Maine Project #1 – How to Make Money to Travel I arrived in Maine with one objective: to leave Maine.To leave Maine — to leave the USA — I need to make money. To travel, I need money.Though this should not be taken as a discouraging proposition, as working for travel funds can be interesting, [...]
Maine Project #1 – How to Make Money to Travel
I arrived in Maine with one objective: to leave Maine.
To leave Maine — to leave the USA — I need to make money. To travel, I need money.
Though this should not be taken as a discouraging proposition, as working for travel funds can be interesting, if not to say fun. Digging up your bean money is one of the great affairs of traveling the world.
I often get letters from readers asking how I make and save up my travel funds, and I explain to them what I do. But I have always felt that my outline seems a little too abstract, a little too far away. Now, I intend to demonstrate what I do to make and save the money necessary to travel the world.
Doing archaeology fieldwork is my usual way of making up my bean money in the USA
Project — How to Make Money to Travel the World
For this project I am going to frame off a set amount of time — 5 months — and a specified amount of money that I want to save within this time — $6,000.
The playing field is now set.
To meet this goal I am going to work any job that I can get: from working for $7 an hour through day labor agencies to living on the thick per diem allowances of archaeology projects, from farm work to journalism. I will take whatever employment I can get. My only specification is that I am going to try to avoid any permanent, 8 hour a day, 40 hour a week sorts of jobs. But this is only a matter of my own personal preference.
The project: I will work any job that I can find in my attempt to save at least $6,000 of travel funds by October of 2009.
Projected budget for traveling in Latin America: $10 a day per person. Three people = $30 a day. $30 a day X 182 (6 months) = $5,460.
Working as a gardener in Maine
For the next six months I will shovel crap, break my back, and work my fingers to the bone in order to save up enough money to continue traveling the world with my new family.
If I am successful in my goal of saving $6,000, I will have a six month buffer where neither Chaya nor I will need to work as we travel. We want to have this time open so that we can adjust to traveling with a newborn baby, as well as scope out possible bases of operation where we can find jobs when our funds finally do dry up again. The money that I am saving now is simply head start money for a journey around the world that will again be perpetual.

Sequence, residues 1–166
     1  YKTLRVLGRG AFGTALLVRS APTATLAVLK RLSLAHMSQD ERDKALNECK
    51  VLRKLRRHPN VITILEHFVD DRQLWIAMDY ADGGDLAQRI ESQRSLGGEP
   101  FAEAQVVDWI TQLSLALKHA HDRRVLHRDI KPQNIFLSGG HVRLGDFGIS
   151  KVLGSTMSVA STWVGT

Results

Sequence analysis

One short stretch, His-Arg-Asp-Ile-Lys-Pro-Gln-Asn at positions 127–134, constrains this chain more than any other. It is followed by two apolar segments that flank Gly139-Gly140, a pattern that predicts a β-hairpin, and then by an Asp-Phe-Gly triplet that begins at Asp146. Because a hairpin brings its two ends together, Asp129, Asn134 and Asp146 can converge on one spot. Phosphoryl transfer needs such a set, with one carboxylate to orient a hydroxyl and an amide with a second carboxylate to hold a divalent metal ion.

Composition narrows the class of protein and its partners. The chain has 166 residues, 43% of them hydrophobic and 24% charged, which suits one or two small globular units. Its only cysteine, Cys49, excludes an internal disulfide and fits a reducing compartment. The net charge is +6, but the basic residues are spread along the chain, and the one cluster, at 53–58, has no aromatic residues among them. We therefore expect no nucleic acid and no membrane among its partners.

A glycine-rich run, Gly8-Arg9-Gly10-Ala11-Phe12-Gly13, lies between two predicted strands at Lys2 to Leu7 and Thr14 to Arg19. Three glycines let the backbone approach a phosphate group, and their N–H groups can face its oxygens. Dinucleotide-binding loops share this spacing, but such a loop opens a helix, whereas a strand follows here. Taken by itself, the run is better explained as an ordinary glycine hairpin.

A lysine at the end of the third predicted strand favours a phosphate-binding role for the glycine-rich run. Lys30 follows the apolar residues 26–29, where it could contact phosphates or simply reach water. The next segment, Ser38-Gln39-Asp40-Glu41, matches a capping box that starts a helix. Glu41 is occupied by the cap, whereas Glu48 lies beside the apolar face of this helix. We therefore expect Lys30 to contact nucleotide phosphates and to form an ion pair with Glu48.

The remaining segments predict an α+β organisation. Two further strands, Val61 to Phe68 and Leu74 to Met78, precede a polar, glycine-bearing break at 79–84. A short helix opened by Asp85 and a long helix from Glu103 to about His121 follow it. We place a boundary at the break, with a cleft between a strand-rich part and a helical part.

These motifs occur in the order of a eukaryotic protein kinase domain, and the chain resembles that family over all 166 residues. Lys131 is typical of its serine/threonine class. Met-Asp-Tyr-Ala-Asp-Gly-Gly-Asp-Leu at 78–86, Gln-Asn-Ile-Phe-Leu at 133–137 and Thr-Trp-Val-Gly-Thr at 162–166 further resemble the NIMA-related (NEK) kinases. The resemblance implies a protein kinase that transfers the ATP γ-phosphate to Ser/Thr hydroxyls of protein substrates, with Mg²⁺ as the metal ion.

There is no such thing as travel without money. It is my impression that the idea of traveling around the world with empty pockets is a fanciful, fairytale notion that arose out of hedonistic visions dreamed up by non-travelers.
All travelers work: the penniless hobo is a man in search of a job.
You need money to travel, and you need to work to make money. Working is the lee side of the romance of traveling . . . though it is what makes the romance real.
This is sounding all to much like a lecture my father would give me as 17 year old punk.
But the fact remains that I ended up in Maine early because I failed to make enough money to continue traveling. I planned on tramping down through the Sahara to Addis Ababa for a couple months of solo travel after Chaya returned to the USA. But I could not do so because I did not have enough money.
I did not work enough to fund my journey, so I went home.
In the Middle East, I opted to let my travel funds dwindle rather than taking proactive measures to build them up. In point, I put most of my available time into the travelogue and building vagabondjourney.com rather than cranking out newspaper and magazine articles that I could sell. I could have written dozens of articles from those travels, and if I only sold 1 in 4, I would be crossing Sudan right now.
But I did not work, and I ended up in Maine
I like working on the Vagabond Journey projects — I do not like writing for other people’s media nearly as much. In the Middle East, I chose to do what I really enjoyed doing over working — and I went belly up.
10 years of travel has only taught me that I am always on the verge of making a mistake.
This error of judgment was easy to allow to happen as I was traveling through a land that I long held as being fantastic, romantic, exciting. It is easy to go belly up when you are smiling a big smile.
I am not willing to allow the same misjudgment to happen again:
I am going to work, because I want to travel.
But I am not pitying my situation; to the contrary, working — especially at odd or temp jobs — can be an adventure of its own creation.
It is my impression that working can be looked upon in two ways:
As Work — And all work, ultimately, sucks.
As A Game — If I know that each dollar I make is going to shoot me a little farther down the road, then working up my bean money can be made into a sort of sport — and even self-competition can be fun. At the goal line is the money that I need to save before I will leave the USA, and I am going to fight like ravaged, one eared pit bull to get there. . . and I hope to befall many interesting situations along the way.
The goal: $6,000 in five months.
Jar for travel funds
Maine Project #1 – How to Make Money to Travel